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10 February 2013

Blog: Sick Bartoli boosts team from sidelines


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Marion Bartoli (FRA) supports from the bench

By Stuart Fraser in Limoges

It was not quite the comeback to the French Fed Cup team fold that Marion Bartoli would have hoped for.

After an absence of more than eight years from the competition due to a dispute with the French Tennis Federation over the involvement of her father and coach Walter, the tie against Germany in Limoges was set to see the return of the world No. 10 – but a heavy bout of the flu put paid to that.

“There is not much I can do about it,” Bartoli said. “I got the flu at the beginning of the week and it got pretty bad with the fever. I spent three days in my bed so it was really impossible for me to be on the court.”

To Bartoli’s credit, despite not feeling 100 per cent when the tie got underway on Saturday, she still managed to join her teammates at the Palais des Sports Beaublanc to show her support and got a tad emotional when the French national anthem was played.

“I really wanted to be there to support them and I had some goosebumps for La Marseillaise,” Bartoli said. “It was one of those kind of moments you don’t expect to be so emotional but it really came out. It was a sweet moment.”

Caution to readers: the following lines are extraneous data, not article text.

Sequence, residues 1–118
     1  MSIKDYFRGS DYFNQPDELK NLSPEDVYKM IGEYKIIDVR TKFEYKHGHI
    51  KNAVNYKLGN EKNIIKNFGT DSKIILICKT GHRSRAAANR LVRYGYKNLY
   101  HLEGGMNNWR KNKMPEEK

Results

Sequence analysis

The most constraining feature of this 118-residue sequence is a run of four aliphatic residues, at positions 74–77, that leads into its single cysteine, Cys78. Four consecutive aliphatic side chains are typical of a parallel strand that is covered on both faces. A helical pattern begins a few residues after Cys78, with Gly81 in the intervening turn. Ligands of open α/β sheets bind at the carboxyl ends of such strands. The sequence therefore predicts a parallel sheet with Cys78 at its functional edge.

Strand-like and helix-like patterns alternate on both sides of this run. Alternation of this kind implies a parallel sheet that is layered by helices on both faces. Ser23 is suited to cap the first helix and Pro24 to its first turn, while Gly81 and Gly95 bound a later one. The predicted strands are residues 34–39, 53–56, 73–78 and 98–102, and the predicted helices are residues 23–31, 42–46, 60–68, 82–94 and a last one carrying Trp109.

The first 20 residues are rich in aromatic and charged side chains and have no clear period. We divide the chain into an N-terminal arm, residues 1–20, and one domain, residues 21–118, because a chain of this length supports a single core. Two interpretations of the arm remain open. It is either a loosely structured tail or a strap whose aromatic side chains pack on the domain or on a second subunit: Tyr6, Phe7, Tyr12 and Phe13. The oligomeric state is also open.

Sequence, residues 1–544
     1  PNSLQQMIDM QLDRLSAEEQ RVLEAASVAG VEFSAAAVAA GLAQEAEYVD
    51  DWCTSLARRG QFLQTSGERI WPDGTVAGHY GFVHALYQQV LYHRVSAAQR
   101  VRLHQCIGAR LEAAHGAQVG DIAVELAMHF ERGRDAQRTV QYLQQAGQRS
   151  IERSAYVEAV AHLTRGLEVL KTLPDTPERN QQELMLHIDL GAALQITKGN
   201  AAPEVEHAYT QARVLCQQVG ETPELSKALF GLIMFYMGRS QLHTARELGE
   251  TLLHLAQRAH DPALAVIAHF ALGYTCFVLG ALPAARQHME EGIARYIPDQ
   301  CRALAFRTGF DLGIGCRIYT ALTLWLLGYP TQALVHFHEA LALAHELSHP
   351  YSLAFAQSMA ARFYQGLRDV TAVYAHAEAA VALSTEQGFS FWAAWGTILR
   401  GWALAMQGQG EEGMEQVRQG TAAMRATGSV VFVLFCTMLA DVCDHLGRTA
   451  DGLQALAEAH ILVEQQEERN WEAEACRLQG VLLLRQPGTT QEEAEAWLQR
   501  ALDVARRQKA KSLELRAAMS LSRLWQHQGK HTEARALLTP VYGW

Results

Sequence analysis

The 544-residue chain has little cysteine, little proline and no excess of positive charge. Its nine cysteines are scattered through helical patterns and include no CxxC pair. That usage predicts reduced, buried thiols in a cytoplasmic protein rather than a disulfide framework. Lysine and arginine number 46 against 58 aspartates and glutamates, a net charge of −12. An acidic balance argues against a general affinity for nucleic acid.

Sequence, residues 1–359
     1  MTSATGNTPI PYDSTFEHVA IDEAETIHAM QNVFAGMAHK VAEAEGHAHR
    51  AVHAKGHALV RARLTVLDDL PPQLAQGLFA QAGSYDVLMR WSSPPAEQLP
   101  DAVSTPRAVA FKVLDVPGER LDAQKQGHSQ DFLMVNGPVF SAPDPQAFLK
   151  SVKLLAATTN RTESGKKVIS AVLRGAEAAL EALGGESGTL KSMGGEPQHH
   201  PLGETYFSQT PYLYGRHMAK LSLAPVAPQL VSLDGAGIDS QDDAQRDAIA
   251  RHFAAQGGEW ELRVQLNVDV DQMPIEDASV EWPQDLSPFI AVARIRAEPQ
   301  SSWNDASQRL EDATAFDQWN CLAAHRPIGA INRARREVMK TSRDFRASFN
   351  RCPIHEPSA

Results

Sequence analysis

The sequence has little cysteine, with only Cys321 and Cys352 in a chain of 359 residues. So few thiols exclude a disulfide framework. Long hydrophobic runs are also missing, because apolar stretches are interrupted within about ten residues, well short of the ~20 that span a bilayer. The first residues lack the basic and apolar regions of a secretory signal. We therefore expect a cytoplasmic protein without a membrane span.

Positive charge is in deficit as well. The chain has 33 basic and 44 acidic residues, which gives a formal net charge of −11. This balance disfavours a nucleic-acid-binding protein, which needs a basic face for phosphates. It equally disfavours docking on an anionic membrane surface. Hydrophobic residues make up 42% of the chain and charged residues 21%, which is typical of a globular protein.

Despite not being involved on the court this weekend, Bartoli still provided the French media with one of the big stories of the weekend when she announced during a press conference that she will no longer travel on tour with her father.

After the defeat to Germany this weekend, Bartoli’s next chance to make her long-awaited return for France will be in April’s World Group II play-offs. “I hope I will have many more Fed Cup ties to play,” she said. “Next time I will be on the court.”

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Moscow’s deep freeze thawed by tennis

By Richard van Poorvliet in Moscow

The weather in Moscow can be quite unpredictable. Ok, it is always going to be cold in winter, but over the last few days the temperature has been hovering around freezing point, which makes a welcome change from a month ago, when Moscovites were trying to find every piece of clothing available with the temperature dropping to around minus 20 C.

Although the ‘thaw’ has its undoubted benefits, such as not feeling you are freezing to death while waiting for a bus, it can also make life particularly taxing for residents of the Russian capital. The city has resembled an ice rink over the last week at getting from A to B has become quite a challenge. It is not uncommon to see someone slipping over on the icy pavements, something I know about only too well.

However, the treacherous conditions haven’t stopped the fans from descending on the Olympisky complex to cheer on their team. In fact, this vast arena, which was built to host the 1980 Olympic Games is seeing some of the best crowds in years for either a Davis or Fed Cup by BNP Paribas tie.